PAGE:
Due to the fluid nature of school enrollment and funding, teachers can face unexpected layoffs.
Teachers can be recalled to available positions based on seniority, and the order in which they were placed on leave. Some contend this rehiring criteria creates a “last-in-first-out” culture that negatively impacts inexperienced — albeit talented — teachers.
Passed 71-59 by the House Thursday, HF1478, sponsored by Rep. Jenifer Loon (R-Eden Prairie), would require a school board to negotiate an unrequested leave of absence plan with teacher representatives. It would apply to all public school districts, effective July 1, 2018.
The bill now heads to the Senate where Sen. Karin Housley (R-St. Marys Point) is the sponsor.
“Virtually no districts are having locally negotiated plans other than seniority,” Loon said. “There’s no incentive to work out a plan that’s in the best interest of our students. … This preserves, respects and protects the bargaining process. It respects the roles of both the teachers and administrators in the process.”
Unrequested leaves of absence occur when a school district eliminates a position, merges classes, or faces financial or student enrollment limitations. It leaves teachers without pay or benefits.
“[Seniority is] an important factor, but it shouldn’t be the only factor,” Loon said. “There’s many factors that I think are worthy to consider.”
The bill would prohibit schools boards from using seniority as a criteria for recalling teachers from an unrequested leave of absence.
The one-sentence provision caused much contention among lawmakers.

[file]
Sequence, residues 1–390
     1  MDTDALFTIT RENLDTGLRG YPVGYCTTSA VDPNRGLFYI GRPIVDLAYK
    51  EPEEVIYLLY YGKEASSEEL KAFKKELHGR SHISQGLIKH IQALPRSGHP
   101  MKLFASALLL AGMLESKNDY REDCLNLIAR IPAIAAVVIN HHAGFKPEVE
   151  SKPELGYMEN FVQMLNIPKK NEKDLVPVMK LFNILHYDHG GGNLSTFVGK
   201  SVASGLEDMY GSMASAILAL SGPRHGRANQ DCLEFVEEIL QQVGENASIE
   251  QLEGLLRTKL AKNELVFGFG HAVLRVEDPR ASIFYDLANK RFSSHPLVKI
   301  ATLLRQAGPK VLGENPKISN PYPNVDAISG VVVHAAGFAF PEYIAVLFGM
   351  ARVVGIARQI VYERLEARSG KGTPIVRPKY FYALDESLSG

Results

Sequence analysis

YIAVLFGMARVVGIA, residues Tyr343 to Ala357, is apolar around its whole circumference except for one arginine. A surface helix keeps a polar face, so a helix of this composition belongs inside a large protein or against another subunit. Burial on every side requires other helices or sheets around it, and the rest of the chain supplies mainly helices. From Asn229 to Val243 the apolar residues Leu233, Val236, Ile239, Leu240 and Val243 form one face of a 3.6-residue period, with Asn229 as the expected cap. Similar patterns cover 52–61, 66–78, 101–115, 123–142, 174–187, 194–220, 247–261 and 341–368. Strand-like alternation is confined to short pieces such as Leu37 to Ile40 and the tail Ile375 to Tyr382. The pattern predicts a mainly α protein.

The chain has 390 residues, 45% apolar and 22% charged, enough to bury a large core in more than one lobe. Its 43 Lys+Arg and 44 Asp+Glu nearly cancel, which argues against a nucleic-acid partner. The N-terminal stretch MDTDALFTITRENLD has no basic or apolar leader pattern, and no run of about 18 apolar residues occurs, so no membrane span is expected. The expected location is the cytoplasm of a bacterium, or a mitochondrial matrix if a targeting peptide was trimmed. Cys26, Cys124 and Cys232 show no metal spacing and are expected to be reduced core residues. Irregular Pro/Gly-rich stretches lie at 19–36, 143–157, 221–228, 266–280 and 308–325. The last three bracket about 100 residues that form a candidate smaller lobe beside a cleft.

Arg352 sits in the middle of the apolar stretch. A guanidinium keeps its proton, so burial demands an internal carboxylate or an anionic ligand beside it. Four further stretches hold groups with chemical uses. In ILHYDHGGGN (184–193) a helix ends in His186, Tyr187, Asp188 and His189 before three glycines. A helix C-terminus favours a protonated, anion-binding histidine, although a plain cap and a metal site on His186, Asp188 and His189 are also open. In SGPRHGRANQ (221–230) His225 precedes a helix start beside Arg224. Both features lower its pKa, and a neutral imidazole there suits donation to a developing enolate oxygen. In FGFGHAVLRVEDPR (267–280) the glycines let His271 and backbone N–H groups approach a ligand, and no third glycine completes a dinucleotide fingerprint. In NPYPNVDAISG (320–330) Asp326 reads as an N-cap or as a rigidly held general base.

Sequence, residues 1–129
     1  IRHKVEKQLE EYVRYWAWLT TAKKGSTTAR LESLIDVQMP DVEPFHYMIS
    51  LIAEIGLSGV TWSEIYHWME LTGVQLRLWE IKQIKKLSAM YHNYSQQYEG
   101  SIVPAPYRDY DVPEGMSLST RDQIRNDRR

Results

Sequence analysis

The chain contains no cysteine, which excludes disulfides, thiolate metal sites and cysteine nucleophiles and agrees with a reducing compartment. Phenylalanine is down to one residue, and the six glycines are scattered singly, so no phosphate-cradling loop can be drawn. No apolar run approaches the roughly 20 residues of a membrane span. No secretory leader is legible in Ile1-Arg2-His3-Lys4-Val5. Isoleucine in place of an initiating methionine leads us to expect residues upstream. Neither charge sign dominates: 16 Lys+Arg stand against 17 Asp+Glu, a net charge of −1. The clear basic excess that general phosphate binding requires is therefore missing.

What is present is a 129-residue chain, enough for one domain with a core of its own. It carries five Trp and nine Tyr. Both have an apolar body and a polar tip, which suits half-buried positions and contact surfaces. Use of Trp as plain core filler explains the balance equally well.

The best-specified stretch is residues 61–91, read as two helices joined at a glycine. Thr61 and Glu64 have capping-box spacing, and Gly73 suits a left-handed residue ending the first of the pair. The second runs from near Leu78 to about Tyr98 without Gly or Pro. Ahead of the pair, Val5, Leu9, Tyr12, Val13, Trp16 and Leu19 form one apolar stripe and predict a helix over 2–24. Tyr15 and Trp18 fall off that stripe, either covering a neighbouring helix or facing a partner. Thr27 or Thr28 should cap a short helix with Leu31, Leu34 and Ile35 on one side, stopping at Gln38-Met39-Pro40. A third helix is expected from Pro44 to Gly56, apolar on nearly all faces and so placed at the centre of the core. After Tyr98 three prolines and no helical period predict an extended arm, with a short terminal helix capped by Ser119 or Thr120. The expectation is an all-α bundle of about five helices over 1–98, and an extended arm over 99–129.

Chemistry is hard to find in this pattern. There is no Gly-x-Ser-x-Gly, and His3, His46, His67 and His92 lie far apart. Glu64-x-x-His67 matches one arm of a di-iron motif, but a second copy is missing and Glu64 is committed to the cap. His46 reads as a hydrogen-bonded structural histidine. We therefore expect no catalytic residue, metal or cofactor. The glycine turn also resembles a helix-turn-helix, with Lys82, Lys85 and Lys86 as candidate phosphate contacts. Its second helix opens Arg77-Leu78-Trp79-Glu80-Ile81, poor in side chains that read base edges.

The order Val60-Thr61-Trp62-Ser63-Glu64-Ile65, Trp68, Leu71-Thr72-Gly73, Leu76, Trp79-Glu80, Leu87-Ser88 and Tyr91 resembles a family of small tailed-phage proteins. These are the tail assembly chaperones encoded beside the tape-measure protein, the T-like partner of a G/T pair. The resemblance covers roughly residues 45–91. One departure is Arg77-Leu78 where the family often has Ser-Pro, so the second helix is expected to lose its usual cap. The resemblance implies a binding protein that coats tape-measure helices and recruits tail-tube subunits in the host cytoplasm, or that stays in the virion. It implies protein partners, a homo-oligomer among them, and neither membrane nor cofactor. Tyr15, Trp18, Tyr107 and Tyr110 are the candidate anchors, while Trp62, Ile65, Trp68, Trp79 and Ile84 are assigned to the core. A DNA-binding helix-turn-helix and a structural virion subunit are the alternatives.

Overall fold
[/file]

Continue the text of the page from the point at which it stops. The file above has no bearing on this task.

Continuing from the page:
A wealth of opponents, including many former teachers, said the provision would essentially eliminate teacher tenure as a priority, hindering loyalty to districts.
They say the tenure law is intended to protect teachers from discriminatory or retaliatory layoffs stemming from age or political affiliation.
“There’s reasons why teachers have unionized; to get these protections in the past,” Rep. John Lesch (DFL-St. Paul) said.
“We have a teacher shortage. We should be focusing on making sure our schools have the resources they need,” said House Minority Leader Melissa Hortman (DFL-Brooklyn Park). “This is just another Republican attack on protections in the workplace.”
But supporters say the provision would rectify a standard based solely on teacher seniority, not quality.
“We are not taking away seniority, we are simply removing the state default and bringing the decision to local control where it should be,” Rep. Peggy Bennett (R-Albert Lea) said.
“Let’s encourage and allow the collective bargaining process to work and develop a system that represents both what the teachers are seeking, and also what the administration would like,” Loon said.
“It’s time to change our attitude. We’re in a new time,” said Rep. Sondra Erickson (R-Princeton), who chairs the House Education Innovation Policy Committee. “There will be no repercussions to this.”
The Minnesota Supreme Court has ordered the Legislature and Gov. Mark Dayton to use mediation to resolve a funding dispute. In an opinion issued Friday, the court also ruled that Dayton’s use of the line-item veto to strip biennial funding for the Legislature was constitutional.
A Ramsey County judge on Wednesday ruled that Gov. Mark Dayton’s line-item veto of legislative funding violated the state’s constitution.
House and Senate leadership OK a resolution to seek outside legal representation in an effort to restore funding for the Legislature that Gov. Mark Dayton line-item vetoed earlier this week.
Day three of the 2017 special session saw lawmakers pass final omnibus bills to be sent to Gov. Mark Dayton, with weary House members wrapping up their work at 2:42 a.m. Friday following a week of long days — and nights — at the State Capitol.
Lawmakers on conference committees must sort through competing bills before finalizing a product to send to the governor.
The budget process explained — and why it matters
$45 billion plan is about a 10 percent increase over current biennium
Governor urges lawmakers to pass a big capital investment bill during budget-setting year; House Speaker has expressed doubt over bonding this session
It was a day of selfies, swearings-in and standing ovations as the House opened the 2017-18 biennial session Tuesday.